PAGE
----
Classifieds and Showcase are the most significant way to get your widget seen. Why else are the top Classified advertisers paying over 500K a week!!!!!!! thats for that first page with the pretty pictures..then there is a steep drop in price after the first 8. The Lindens have the equivalent of the Yellow pages for Second Life with Showcase and Classifieds, and creating your own "Pink Pages" (which was always a dud, (PPs I worked as an illustrator for the yellow pages for 6 long boring years :)) is impossible I think so far to do...

Its a case of a real lack of large mass media in SL that covers all social and cultural borders I don't think its english as much.

I can't get my widget (my TV shows) out to those areas easily without some form of mass media which has not happened yet in SL. We are still in SL separated by cultural divide.

Aussies are just like that! they mostly hang out at their aussie themed sims, the very small population under 15 thousand people, that are in SL, (our weather is too good I think for many aussies to spend time indoors..) just dont want to go somewhere where they don't know anyone..and don't feel comfortable...we are definitely culturally different from Americans we have our own weird humor and social interaction.

I've often wondered how to get to the typically non-english speaking countries, because I know that a great deal of them can speak and understand enough english to watch my show if they were interested enough to do so.

I have some ideas...like plonking a ruddy huge TV in the middle of where ever they hang out..but teaching a lot of people (as Arminax) said to click that damn vid button may be the problem...

Go to any live event in SL and see how many people ask "how do we hear"...its that damn UI its just doesn't get through to a lot of people..is it a language problem when they arrive in SL? they don't know what the video and Music button are for, and they certainly don't know that when you go to a live event you click on one or the other to watch and hear...it should be sooo basic and easy, but even the lindens don't know how to use their own sound settings, (a story for another day :)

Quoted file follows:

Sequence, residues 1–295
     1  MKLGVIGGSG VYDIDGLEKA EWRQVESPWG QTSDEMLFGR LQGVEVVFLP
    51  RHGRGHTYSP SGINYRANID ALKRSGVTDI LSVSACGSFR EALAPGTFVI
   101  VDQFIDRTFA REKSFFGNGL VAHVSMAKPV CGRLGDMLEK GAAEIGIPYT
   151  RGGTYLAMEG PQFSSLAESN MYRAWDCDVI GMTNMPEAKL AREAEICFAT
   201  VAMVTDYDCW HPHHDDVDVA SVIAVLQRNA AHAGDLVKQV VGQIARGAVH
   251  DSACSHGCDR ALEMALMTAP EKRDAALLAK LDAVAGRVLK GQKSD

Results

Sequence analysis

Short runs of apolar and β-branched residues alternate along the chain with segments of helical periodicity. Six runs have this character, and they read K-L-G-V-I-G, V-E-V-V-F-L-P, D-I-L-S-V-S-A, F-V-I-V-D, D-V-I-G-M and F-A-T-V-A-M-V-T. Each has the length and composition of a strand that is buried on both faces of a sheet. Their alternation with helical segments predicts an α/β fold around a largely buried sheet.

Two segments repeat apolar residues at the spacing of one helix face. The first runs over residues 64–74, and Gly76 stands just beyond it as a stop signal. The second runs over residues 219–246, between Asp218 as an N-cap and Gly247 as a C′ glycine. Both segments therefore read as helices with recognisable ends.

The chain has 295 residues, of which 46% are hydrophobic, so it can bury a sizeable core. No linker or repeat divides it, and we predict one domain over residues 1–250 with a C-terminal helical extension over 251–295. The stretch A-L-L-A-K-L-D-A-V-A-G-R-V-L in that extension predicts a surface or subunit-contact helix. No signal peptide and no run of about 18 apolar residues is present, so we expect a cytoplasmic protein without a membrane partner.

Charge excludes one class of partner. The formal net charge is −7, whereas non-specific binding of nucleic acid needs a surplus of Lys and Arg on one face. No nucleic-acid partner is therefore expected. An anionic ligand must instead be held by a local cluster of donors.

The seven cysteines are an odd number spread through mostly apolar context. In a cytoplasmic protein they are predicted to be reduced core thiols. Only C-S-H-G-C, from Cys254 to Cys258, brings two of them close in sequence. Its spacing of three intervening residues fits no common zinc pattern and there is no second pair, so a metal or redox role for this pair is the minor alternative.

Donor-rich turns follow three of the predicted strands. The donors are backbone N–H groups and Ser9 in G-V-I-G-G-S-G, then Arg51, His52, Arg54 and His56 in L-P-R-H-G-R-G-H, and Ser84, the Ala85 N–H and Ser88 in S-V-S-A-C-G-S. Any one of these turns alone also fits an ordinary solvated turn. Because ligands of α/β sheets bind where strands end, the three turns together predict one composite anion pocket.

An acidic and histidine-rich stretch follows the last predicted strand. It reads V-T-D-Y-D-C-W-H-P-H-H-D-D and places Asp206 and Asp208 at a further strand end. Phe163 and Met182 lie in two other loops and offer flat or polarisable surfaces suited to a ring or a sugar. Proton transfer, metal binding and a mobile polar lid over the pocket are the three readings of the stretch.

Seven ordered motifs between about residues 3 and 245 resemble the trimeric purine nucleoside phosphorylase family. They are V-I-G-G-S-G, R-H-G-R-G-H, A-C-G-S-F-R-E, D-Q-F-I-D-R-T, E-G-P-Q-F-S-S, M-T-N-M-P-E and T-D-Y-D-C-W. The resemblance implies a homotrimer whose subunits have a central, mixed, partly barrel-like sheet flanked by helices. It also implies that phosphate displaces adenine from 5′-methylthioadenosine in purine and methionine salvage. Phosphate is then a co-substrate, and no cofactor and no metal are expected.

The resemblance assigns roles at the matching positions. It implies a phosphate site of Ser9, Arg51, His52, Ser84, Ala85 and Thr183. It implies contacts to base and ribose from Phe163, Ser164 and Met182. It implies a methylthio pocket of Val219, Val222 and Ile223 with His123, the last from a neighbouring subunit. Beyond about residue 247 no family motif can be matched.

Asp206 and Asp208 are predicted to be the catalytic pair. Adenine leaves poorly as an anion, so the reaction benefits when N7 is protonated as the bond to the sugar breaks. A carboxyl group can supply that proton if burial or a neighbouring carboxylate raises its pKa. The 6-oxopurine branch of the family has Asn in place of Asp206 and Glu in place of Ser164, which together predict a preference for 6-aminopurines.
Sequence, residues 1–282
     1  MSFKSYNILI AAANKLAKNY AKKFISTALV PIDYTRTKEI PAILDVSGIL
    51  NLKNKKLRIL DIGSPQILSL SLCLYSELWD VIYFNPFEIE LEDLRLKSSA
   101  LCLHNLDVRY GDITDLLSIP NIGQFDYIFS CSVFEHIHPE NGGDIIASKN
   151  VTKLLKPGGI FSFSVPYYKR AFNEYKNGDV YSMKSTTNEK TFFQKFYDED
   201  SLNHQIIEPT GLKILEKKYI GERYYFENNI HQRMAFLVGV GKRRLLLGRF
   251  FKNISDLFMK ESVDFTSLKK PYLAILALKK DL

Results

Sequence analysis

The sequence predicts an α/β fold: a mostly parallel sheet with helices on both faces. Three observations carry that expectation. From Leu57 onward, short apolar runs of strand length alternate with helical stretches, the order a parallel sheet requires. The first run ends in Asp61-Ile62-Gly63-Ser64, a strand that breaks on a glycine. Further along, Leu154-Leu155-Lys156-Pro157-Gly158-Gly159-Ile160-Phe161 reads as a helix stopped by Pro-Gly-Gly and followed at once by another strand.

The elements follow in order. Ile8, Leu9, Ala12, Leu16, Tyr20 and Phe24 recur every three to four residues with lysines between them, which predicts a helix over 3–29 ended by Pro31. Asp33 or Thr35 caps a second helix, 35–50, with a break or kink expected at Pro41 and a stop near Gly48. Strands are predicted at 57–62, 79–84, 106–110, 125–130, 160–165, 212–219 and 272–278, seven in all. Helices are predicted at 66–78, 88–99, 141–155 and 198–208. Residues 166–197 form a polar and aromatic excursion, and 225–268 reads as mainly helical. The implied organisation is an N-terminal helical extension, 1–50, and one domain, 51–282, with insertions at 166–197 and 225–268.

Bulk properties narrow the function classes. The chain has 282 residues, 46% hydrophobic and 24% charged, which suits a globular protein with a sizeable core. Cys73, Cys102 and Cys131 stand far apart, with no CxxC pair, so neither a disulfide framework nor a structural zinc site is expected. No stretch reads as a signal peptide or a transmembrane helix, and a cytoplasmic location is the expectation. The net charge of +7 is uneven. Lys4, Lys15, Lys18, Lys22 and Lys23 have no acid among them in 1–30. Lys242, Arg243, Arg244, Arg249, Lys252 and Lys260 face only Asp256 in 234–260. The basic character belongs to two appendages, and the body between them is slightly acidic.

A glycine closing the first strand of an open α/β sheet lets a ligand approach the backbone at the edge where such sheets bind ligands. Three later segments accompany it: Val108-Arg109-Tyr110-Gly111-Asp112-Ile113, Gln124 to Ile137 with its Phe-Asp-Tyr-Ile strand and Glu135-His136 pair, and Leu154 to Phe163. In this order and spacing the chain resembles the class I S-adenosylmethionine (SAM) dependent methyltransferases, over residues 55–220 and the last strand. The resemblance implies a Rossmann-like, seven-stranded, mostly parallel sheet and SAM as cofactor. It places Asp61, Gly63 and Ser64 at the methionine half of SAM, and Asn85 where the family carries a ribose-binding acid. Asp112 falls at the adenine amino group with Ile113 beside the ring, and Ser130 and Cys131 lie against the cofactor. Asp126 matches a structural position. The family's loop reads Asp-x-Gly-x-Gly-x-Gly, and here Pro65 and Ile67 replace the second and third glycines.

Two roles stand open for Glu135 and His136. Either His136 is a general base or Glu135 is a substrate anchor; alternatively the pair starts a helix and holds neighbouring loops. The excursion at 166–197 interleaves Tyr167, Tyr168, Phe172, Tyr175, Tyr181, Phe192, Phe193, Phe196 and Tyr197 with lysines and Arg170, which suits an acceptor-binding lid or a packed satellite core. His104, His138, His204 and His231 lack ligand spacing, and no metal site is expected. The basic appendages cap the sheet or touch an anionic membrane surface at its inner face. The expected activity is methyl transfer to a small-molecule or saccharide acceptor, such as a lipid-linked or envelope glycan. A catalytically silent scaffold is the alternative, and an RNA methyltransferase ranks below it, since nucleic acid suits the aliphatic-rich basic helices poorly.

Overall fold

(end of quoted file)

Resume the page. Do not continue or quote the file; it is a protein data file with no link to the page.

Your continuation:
Circe Broom owner of Sunset Jazz has a sign in her venue now to explain it..but its in english :)

As far as the time zone goes Peter you obviously need your sleep :) and time-zones... thats just part of being in a global community but the amount of people who have refused to come on my show because they have to be up at 3am is probably about 2 over 70 shows, and there are a lot of my guests that live in England and Europe ect..that I've interviewed it all depends on what sort of Sleep depravation you can afford, and as far as accents go Ive found that people are extraodinary forgiving and kind when listening to a person who's 1st language is not english if they want to hear what they have to say, we just take things a little slower..but over all it depends on, how much you wanna be on my show....

So yes.. while we do need some gadget or widget that automatically gives options for other languages when clicked to receive information on your widget, it would definitely help but SL is amazingly like RL when we want to try and cross country cultural borders.

regards Paisley
Host of Tonight Live

Peter Stindberg said...

/me grins - Incidentally I run the largets and oldest translation agency in SL. Wasn't that why ou invited me in the first place?

My experience is that most non-English speakers with some Englihs knowledge are quite OK with notecards and blogposts, but not with voice events.

Anonymous said...

Nope Peter I actually asked you because of your Green furniture. I guess until that is proven we wont know for sure.

Peter Stindberg said...

Ah, ok, your team member never got back to me on that question. If you are still interested, my partner in that business is from the US and does not have my timezone issues.

In order to avoid misunderstandings: I am NOT saying show appearances are a bad idea! On the contrary! And even though percentagewise only a "minority" (a ~30-40% minority) is the core audience, this group is certainly among those with the largest commercial power, and with the largest subset of movers and shakers.

As Armi says, there is a whole lot of options out there, and just like in FL you need to create your very own media mix to fit the needs of businesses in SL as well.

Pooky Amsterdam said...

Armin, your appearance on The 2nd QuestioN! was spectacular & your opening complete with drums by Sage Duncan brilliant! Absolutely sensational & that should be shown in loop somewhere.
Agreed to each their own way of marketing, no "Holy Grail" for all, as we do have different products. S;-D
Pooky Amsterdam